Indian Contract Act, 1872 defines that “an agreement enforceable by law is a contract.” In general and in layman’s terms, it can be said that a contract is formed when two or more parties perform a promise or an act or omission in return for consideration or when something is returned. A contract can be specified as a creation of accountability and obligation among parties to ensure no breach of contract. One of the essential ingredients to enter into a contract is free consent without the same, the same is said to be void.
REASON FOR FREE CONSENT BEING IMPORTANT IN A CONTRACT
U/s 14 of the Indian Contract Act, 1872, the term “free consent” has been described as a contract that does not form from coercion, misrepresentation, mistake or undue influence. Consent and free consent are two separate terms specified in the act. The latter is focused on the principle of Consensus ad idem. According to the Dictionary of Cambridge, the aforementioned maxim is specified as “agreement between different people or groups about the exact meaning of a contract that is necessary before the contract is considered to be legally acceptable.” This states that, for a contract to be enforceable by law, it should not be only consensual but the consent to enter into the contract provided by the parties should be voluntary and free.
UNDERSTANDING THE TERM “COERCION”
Coercion has been defined u/s 15 of the Indian Contract Act, 1872. In simple terms, the provision states that coercion is the committing or threatening someone to commit any act that is forbidden or prohibited by the Indian Penal Code, or the threatening to detain, unlawful detaining with the intention to forcefully make a person enter to an agreement. In short, any act is used as a threat or physical force to forcefully obtain the will of a person for making him enter into an agreement.
To create the term “coercion” a party must show that they were forced to enter into a contract by the other party that he would have not have otherwise entered into. The key elements to perform coercion is as follows-
- Committing or threatening to commit any act or omission punishable by the law.
- Unlawful detention of someone or someone’s property.
Nonetheless, burden of proof lies on the aggrieved party.
Illustrations of Coercion:
- A threatens to kill B, if he does not sign the contract.
- A threatens to break the arms and legs of B, if he does not sell his house.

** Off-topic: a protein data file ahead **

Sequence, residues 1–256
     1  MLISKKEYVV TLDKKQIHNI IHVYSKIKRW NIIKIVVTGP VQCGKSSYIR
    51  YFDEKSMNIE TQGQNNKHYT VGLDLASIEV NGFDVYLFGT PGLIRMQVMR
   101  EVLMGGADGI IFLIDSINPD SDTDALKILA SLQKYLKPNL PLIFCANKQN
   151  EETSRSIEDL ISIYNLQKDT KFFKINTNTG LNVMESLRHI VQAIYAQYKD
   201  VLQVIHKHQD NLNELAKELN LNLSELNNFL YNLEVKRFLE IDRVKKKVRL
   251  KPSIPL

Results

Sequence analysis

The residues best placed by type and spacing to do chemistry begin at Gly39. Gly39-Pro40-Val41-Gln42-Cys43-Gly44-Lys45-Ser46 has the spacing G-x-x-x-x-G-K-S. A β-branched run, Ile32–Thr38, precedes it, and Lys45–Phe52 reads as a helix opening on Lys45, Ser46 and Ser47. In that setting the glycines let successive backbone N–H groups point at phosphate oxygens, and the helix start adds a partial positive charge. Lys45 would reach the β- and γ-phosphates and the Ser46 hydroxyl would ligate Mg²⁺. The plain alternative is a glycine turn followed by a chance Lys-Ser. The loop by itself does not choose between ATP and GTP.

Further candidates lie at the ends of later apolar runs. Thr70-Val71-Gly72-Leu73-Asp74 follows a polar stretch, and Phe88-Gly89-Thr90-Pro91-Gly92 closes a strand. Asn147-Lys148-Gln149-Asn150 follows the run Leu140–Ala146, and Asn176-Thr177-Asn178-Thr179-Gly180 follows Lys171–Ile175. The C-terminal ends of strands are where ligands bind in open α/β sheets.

- A threatens B to kidnap his daughter in case B marries D.
UNDERSTANDING THE TERM “UNDUE INFLUENCE”
Undue Influence has been defined u/s 16 of the Indian Contract Act, 1872. The term undue influence can occur in a position when one of the parties to a contract is in a superior or dominating position. For undue influence to happen, it is necessary that the dominating position of one party gives and unjust upper hand to acquire consent from the other party, which follows the Doctrine of Equity. The provision has also threw light on the conditions where a person is said to dominate are as follows:
- When one party to the contract has evident authority over the other.
- When one party to the contract has fiduciary relationship over the other.
- When one party to the contract enters to the contract in case of temporary or permanent damage to mental dimensions.
However, a “fiduciary relationship” can be defined as “a relationship in which one party places special trust, confidence, and reliance in and is influenced by another who has a fiduciary duty to act for the benefit of the party.”
Illustrations of Undue Influence:
- A, Son, forces his father to transfer all his properties in A’s name.
- A, a man influenced by disease or age, is induced by B’s influence over him as his medical attendant, for having him to pay unreasonable sum for his medical profession. B employs undue influence.
DIFFERENCE BETWEEN COERCION AND UNDUE INFLUENCE
|This falls in the purview of Section 15 of the Indian Contract Act, 1872.||This falls in the purview of Section 16 of the Indian Contract Act, 1872.|
|Coercion is a criminal offence punishable under Indian Penal Code.||Undue Influence is not a criminal offence.|
|Usage of threats and physical force is involved having absolutely no relationship between the parties to contract.||Usage of Psychological or mental force between the parties to contract having a fiduciary relationship.|
|Force is used as a tool for making an unwilling party enter into a contract.||Influence is used as a tool to make a party enter into a contract.|
|A, party no 1 threatens to kill B a builder, if C, B’s son does not sell his property.||A, the boss of a company, asks his employee B to sell him his car for a low price, in return for a promotion of B.|
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